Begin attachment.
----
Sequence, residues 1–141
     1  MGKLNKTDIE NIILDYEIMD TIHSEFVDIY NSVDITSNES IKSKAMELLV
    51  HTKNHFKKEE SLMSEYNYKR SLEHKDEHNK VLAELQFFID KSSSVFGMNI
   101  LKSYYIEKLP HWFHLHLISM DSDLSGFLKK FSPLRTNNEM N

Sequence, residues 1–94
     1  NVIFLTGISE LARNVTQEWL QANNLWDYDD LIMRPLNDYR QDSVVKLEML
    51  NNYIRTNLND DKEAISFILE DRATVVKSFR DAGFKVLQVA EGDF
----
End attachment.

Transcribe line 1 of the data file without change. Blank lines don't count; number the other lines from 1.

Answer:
Sequence, residues 1–141